Ticks and Tick-Borne Diseases in Animals 2.0

A special issue of Microorganisms (ISSN 2076-2607). This special issue belongs to the section "Parasitology".

Deadline for manuscript submissions: 31 October 2024 | Viewed by 1216

Special Issue Editors


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Guest Editor
Department of Animal Health, Veterinary Faculty of UCM, Madrid, Spain
Interests: ticks; tick-borne pathogens; ecology; control
Special Issues, Collections and Topics in MDPI journals

E-Mail Website
Guest Editor
Department of Animal Reproduction, INIA-CSIC, Madrid, Spain
Interests: ticks; tick-borne pathogens; ecology; control
Special Issues, Collections and Topics in MDPI journals

Special Issue Information

Dear Colleagues,

This Special Issue is a continuation of the Special Issue "Ticks and Tick-Borne Diseases in Animals”. More deatial is avaiable: https://www.mdpi.com/journal/microorganisms/special_issues/961791T7C2

Tick-borne pathogens comprise a large and varied group of microorganisms belonging to widely separated taxa, from the smallest viruses to large nematodes. The common fact about them is that the main route of infection passes through a tick, in which they may remain in the same stage or may evolve and multiply enormously. Another common fact is that most of them do not produce a quick death or immediate severe consequences to the animals. Therefore, it is very common that some of them are underestimated in the medicine of domestic or wild animals.

The consequences of tick-borne pathogens are very varied given the differences between the type of microorganism, the competence or vectorial capacity of the tick species and the environment in which they develop. In fact, there are enormous differences in the tick-host-pathogen relationship depending on the ecosystem that allows or does not allow an adequate relationship between them, ensuring or not that the pathogen remains and survives in the tick and that the tick is capable of finding a host in a reasonable period of time to transmit it.

The control of tick-borne pathogens is mainly based on the administration of acaricides, whose efficacy is decreasing in many areas due to the development of resistance to them. Other interesting tools can be applied in tick control, such as host and ecosystem management, the study of new drugs, especially those based on natural products, vaccines, and many others. This Special Issue welcomes all these topics, including ecological studies which are the main step to design a reasonable tick and tick-borne diseases control strategy anywhere.

Dr. Ángeles Sonia Olmeda
Dr. Félix Valcárcel
Guest Editors

Manuscript Submission Information

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Keywords

  • tick ecology
  • identification
  • tick-borne pathogen
  • vectorial role and capacity
  • laboratory and field control
  • new acaricides

Published Papers (1 paper)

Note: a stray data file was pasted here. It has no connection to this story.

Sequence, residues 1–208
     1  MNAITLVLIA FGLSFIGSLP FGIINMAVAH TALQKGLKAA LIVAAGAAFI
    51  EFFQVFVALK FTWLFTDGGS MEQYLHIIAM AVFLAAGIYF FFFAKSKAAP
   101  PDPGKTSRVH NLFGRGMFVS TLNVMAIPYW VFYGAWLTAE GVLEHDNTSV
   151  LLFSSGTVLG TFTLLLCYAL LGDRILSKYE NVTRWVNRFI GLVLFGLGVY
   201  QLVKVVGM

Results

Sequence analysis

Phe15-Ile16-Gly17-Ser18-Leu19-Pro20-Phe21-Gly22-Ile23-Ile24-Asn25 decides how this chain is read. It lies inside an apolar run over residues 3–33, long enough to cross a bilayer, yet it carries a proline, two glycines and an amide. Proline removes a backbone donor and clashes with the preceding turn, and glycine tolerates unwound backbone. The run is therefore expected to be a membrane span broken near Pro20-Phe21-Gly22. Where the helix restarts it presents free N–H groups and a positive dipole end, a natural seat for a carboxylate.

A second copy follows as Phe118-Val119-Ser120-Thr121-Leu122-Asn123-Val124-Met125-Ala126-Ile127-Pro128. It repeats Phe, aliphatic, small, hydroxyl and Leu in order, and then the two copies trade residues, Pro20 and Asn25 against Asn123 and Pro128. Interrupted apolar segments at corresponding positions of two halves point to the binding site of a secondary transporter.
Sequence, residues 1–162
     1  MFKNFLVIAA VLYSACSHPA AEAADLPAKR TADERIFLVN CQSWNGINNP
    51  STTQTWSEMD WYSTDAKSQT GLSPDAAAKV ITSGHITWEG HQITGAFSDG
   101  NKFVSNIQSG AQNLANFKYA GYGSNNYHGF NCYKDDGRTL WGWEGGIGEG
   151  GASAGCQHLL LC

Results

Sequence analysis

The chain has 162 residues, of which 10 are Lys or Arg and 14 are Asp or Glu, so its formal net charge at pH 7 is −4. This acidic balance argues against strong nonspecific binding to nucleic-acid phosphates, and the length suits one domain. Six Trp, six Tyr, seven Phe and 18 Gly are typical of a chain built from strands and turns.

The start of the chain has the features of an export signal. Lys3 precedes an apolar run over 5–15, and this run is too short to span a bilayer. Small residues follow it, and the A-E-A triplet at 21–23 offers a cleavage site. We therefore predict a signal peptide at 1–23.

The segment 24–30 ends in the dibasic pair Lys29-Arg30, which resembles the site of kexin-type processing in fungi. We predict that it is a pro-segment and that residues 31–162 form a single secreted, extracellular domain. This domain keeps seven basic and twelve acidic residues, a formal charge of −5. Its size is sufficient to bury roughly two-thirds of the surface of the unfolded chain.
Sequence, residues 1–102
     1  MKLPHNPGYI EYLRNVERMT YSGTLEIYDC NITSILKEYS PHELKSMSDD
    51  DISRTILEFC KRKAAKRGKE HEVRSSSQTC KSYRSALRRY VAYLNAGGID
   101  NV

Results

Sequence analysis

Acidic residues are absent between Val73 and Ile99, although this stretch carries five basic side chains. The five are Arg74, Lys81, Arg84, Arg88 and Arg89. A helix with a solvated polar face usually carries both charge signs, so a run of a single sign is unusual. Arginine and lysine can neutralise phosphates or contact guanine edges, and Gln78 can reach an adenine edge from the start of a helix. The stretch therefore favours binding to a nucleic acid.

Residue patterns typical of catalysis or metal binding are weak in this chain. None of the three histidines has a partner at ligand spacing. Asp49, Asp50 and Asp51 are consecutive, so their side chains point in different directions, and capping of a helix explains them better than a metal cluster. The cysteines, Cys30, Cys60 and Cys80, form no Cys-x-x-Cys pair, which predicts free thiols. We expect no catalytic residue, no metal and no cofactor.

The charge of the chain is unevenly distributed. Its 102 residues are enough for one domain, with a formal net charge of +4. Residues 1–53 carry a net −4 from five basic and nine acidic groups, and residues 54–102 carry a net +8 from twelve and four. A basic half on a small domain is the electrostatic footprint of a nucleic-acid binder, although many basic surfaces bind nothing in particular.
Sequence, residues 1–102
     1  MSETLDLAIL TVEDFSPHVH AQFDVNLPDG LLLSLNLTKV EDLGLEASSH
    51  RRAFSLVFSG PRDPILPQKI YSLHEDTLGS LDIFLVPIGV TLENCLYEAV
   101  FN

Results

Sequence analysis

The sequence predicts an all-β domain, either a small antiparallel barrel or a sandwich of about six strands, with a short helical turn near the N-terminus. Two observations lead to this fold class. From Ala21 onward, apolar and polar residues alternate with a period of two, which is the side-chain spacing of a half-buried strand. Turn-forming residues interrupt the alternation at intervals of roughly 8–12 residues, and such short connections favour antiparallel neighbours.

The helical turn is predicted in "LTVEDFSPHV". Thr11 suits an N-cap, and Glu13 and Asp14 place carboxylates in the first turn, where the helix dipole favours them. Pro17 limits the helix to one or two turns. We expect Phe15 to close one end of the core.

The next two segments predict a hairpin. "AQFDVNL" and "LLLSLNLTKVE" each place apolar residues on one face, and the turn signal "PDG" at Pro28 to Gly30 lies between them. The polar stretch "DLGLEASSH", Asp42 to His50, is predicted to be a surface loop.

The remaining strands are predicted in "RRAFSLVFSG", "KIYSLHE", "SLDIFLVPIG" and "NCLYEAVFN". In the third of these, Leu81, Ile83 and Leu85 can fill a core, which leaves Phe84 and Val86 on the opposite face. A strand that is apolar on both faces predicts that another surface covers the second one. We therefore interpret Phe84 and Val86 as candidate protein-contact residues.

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Research

16 pages, 2216 KiB  
Article
Widespread Circulation of Tick-Borne Viruses in Virginia—Evidence of Exposure to Heartland, Bourbon, and Powassan Viruses in Wildlife and Livestock
by Ahmed Garba, Jennifer Riley, Kevin K. Lahmers and Gillian Eastwood
Microorganisms 2024, 12(5), 899; https://doi.org/10.3390/microorganisms12050899 - 30 Apr 2024
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Abstract
Emerging tick-borne viruses such as Powassan virus (POWV), Bourbon virus (BRBV), and Heartland virus (HRTV), whilst rare, can cause severe health problems in humans. While limited clinical cases have been reported thus far in Virginia, the presence of tick-borne viruses poses a serious [...] Read more.
Emerging tick-borne viruses such as Powassan virus (POWV), Bourbon virus (BRBV), and Heartland virus (HRTV), whilst rare, can cause severe health problems in humans. While limited clinical cases have been reported thus far in Virginia, the presence of tick-borne viruses poses a serious health threat, and the extent of their prevalence in Virginia is unknown. Here, we sought evidence of POWV, BRBV, and HRTV exposure in Virginia via a serological assessment of wildlife and livestock. Wildlife in Virginia were found to be seropositive against POWV (18%), BRBV (8%), and HRTV (5%), with western and northern regions of the state having a higher prevalence. Multiple wildlife species were shown to have been exposed to each virus examined. To a lesser extent, cattle also showed exposure to tick-borne viruses, with seroprevalences of 1%, 1.2%, and 8% detected in cattle against POWV, BRBV, and HRTV, respectively. Cross-reactivity against other known circulating mosquito-borne flaviviruses was ruled out. In conclusion, there is widespread exposure to tick-borne viruses in western and northern Virginia, with exposure to a diverse range of animal populations. Our study provides the first confirmation that HRTV is circulating in the Commonwealth. These findings strengthen the existing evidence of emerging tick-borne viruses in Virginia and highlight the need for public health vigilance to avoid tick bites. Full article
(This article belongs to the Special Issue Ticks and Tick-Borne Diseases in Animals 2.0)
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